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Here's what we know about Baltimore Mayor Catherine Pugh's plan to bus students to a gun control march

When students marched on Baltimore’s City Hall this week demanding action on gun control, Mayor Catherine Pugh announced that she is planning to bus thousands of students to Washington later this month.

The March for Our Lives, scheduled for March 24, is being organized by survivors of the massacre at Marjory Stoneman Douglas High School in Parkland Florida, where 17 people were killed by a gunman on Valentine’s Day.

Here’s what we know about the plan:

  • Pugh said Tuesday that it would cost $100,000 to provide 60 buses, lunch and t-shirts for about 3,000 students. At a news conference on Wednesday the mayor said she wanted “to get as much private dollars as we can” and asked if public money would be used said: “We’ll cross that bridge if we get to it.”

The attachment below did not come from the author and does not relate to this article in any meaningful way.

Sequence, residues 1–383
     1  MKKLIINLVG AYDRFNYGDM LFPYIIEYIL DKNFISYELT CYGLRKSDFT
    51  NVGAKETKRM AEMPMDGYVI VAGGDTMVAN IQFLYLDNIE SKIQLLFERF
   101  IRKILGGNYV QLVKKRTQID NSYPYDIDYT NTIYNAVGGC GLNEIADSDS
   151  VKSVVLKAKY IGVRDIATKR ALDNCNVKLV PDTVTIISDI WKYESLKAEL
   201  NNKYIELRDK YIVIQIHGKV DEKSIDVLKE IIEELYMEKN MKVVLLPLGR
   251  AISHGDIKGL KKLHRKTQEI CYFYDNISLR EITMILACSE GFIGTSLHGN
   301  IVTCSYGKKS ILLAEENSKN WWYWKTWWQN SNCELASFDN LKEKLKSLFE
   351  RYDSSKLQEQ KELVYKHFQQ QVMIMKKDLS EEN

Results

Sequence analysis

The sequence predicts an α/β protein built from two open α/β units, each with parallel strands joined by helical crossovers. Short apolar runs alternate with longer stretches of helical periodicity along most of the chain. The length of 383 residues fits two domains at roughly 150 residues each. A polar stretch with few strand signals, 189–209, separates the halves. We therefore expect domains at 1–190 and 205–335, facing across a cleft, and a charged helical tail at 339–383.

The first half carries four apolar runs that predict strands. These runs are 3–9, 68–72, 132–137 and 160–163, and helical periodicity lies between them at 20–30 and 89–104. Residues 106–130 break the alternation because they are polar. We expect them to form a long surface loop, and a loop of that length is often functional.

• Pugh and Council President Bernard C. “Jack” Young both said the organizers of the event contacted the city for help. Pugh said Wednesday that the organizers told officials they had contacted Baltimore leaders because “There needs to be more diversity there for the march.”
  • March 24 is a Saturday so Pugh said that by supporting the march she is not encouraging students to miss a day of school.

Pugh told reporters that she thought it was important that the city support students who want their voices to be heard, especially because she thinks the kind of gun violence that most affects young people in Baltimore is often lost in national debates about gun control.

“While our conversation may be lost in this national debate, the pain and suffering our children are experiencing are still something that we need to address,” she said.

The organizers of the march could not be reached for comment.

The bus plan has made the mayor into a minor character in the partisan debate over gun rights and gun control.

Pugh made a contentious appearance on the Fox News show Ingraham Angle on Wednesday evening to talk about the plans. The mayor and host Laura Ingraham spent much of the time talking over one another.

Ingraham asked whether Pugh would help students who wanted to attend an annual anti-abortion March for Life. Pugh said the organizers had not contacted her.

iduncan@baltsun.com

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